Voice of America: “The Story of Love” (1987)
Back late 1987, a 12-inch import came into the radio station. It was from a British band that went by the name Voice of America. The song, “Story of Love,” became a cult alt-rock hit, especially in Southern Ontario and Western New York. I played the song countless times on the radio and in clubs. Later, I wrote the liner notes for a series of retro CDs for EMI, parent company of Virgin Records, the home of Voice of America. One volume featured “Story of Love.”
That’s when it dawned on me that I knew nothing about the band. And I mean nothing.
I went back into the archives at the radio station. No notes. No press releases. Just a simple black and white promo photo showing two unnamed guys (?) who looked vaguely Depeche Mode-ish. I needed to write something for the liner notes so I asked EMI for help. They went into their files and came back with…nothing.
The label rep was understandably frustrated. “I know this band is on our roster and we hold the publishing rights–but no one seems to know a damn thing about who they are or where they’re from.” “Story of Love” might as well have been recorded and released by aliens who then flew back to their home planet.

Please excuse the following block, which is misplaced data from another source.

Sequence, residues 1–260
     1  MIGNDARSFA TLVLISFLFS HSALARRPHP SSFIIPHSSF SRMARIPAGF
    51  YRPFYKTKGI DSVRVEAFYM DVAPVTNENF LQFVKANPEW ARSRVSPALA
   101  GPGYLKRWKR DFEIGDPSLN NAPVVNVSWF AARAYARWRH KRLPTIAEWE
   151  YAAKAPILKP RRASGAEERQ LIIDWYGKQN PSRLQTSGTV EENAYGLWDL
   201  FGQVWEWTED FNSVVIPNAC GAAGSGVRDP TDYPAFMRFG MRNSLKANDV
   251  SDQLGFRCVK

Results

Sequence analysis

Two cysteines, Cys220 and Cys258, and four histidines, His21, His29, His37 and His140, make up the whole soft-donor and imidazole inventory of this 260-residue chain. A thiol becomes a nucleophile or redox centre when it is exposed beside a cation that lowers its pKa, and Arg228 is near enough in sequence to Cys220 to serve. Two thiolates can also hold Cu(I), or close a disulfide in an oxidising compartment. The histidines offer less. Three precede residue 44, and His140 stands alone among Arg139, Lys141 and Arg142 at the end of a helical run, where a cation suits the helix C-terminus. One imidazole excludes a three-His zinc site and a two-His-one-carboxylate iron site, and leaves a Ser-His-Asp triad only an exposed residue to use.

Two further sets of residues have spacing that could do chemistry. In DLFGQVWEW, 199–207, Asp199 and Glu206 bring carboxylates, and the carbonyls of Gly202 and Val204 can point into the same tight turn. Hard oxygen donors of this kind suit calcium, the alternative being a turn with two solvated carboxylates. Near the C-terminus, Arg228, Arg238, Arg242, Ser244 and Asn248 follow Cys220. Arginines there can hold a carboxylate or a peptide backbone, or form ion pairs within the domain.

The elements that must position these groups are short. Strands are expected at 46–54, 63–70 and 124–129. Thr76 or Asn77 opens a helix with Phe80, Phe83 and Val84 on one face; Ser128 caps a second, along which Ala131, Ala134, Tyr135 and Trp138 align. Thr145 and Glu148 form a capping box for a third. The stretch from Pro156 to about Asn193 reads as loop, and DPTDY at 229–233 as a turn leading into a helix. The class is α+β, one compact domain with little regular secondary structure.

In October 2014, I posted this story on my website hoping that someone would be able to solve the mystery. This showed up in the comments.
The trail ain’t completely cold. I am Nigel, the keyboard player in the band and I co-wrote “Story of Love” with Dave Shaw.
The female vocal was Carroll Thompson, sometimes referred to as the Queen of Lover’s Rock, a British style of reggae music noted for its romantic sound and content (according to Wikipedia).
We met here in the Denmark St demo studio where we worked, in Soho, when she was singing backing vocals for Maxi Priest at the end of the 80s. Her voice was so damn good that we could hardly bring ourselves to speak during the recording; it was like being in the presence of an angel.
Nice to know the songs touched some people at least.
Being signed to Virgin was a frustrating experience because they were going through a period of massive expansion, with over 80 bands on the roster. So they didn’t really get behind the marketing. I didn’t find out the records were released anywhere but the UK for over 20 years, when a Canadian remix dj called me up out of the blue asking if i was really the Nigel Haslam from VOA.
I haven’t seen or heard from the other guys in the band for a long time. Live in Australia now and work in visual effects and animation. Life is sweet.
Thanks for your interest.
Well, that it, then. Thank you, Nigel!